Owner Denied Section 8 Payments Due to Unit Defects
Facts: A resident sued the owner and the local housing authority for alleged wrongful termination of her Section 8 subsidy. In August 2008, the resident was notified that her unit failed a Housing Quality Standards (HQS) inspection. When she received this notification, she understood it to mean that if the housing authority stopped paying the Section 8 subsidy, it was due to the repair conditions in her unit. The resident claimed that, after the owner failed the 2008 HQS inspection, it failed to complete repairs.
A stipulation or agreement was signed in court. The resident agreed to withdraw the court proceeding and submit to the housing authority documents and information necessary to certify her continuing eligibility for the Section 8 program. The housing authority agreed to restore her to the Section 8 program if she remains eligible for it. But it was agreed that her restoration to the Section 8 program doesn’t constitute an automatic reinstatement of the Section 8 subsidy payments made by the housing authority to the owner. If the unit passed the housing authority’s inspection for compliance with federal HQS, the housing authority would reinstate the subsidy to the owner effective Jan. 1, 2009.
The owner then asked the court to vacate the agreement and restore the court proceeding. The owner argued that, since entering the stipulation, the housing authority has failed to reinstate monthly subsidy payments, although the resident has been restored to participation in the Section 8 program. According to the owner, the housing authority has engaged in a deliberate course of action to prohibit the owner from collecting the outstanding subsidy due under the agreement by purposefully and maliciously refusing to pass the unit’s HQS inspection.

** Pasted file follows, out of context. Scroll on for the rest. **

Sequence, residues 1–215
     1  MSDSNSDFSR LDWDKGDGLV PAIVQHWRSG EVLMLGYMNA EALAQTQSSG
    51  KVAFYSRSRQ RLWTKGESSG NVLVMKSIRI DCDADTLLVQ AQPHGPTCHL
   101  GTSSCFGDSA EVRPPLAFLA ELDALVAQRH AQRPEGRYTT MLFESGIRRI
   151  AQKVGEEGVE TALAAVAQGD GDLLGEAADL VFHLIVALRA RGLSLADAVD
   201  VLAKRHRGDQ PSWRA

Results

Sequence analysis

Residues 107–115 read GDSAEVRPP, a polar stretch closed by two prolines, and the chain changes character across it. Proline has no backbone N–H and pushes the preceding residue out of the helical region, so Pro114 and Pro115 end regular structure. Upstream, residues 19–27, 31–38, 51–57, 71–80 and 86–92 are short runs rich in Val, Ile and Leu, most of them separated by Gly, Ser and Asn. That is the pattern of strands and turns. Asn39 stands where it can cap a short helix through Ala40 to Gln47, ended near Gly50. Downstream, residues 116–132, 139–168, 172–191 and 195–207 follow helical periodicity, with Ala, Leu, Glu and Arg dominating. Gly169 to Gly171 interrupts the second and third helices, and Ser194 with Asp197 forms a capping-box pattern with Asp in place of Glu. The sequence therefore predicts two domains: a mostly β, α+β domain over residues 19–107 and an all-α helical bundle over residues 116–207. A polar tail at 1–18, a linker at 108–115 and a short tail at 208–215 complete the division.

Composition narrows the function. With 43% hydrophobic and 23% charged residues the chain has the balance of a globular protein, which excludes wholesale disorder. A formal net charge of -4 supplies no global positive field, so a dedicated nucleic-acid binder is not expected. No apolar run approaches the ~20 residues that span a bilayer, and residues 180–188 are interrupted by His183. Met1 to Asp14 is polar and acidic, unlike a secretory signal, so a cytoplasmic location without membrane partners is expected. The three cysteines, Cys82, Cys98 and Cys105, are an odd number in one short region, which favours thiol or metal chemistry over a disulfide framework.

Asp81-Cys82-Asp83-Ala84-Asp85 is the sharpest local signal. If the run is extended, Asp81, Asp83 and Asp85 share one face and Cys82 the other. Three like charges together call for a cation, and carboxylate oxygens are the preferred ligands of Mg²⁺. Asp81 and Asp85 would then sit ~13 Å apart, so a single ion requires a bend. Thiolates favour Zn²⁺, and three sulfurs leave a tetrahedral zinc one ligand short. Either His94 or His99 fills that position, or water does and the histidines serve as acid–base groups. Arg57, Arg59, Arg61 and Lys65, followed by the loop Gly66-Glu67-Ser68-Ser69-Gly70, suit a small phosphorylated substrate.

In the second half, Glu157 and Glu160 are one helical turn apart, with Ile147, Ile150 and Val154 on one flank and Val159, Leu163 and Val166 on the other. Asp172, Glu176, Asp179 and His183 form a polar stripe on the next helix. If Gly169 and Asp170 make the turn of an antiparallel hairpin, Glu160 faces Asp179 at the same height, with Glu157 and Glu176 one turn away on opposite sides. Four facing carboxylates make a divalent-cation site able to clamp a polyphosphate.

Ruling: A New York trial court ruled against the owner.
Reasoning: The resident stated in a sworn affidavit that, on or about April 13, 2012, the housing authority again inspected her unit. The inspector told her that the unit failed the inspection for the following reasons: defective and/or missing tiles in the kitchen floor; defective and/or missing tiles in the bathroom floor; her son’s bedroom needed to be fixed--the wood floor panels have gaps and are defective; the walls in the master bedroom must be scraped and painted; the wall in her son’s bedroom is caving in and needs to be repaired, scraped, and painted; the bedroom door needs to be fixed and/or replaced; and the bathroom door needs to be fixed and/or replaced. Because of this, the court found that the owner failed to demonstrate a lack of good faith and fair dealing on the part of the housing authority.
- Delacruz v. NYCHA, October 2012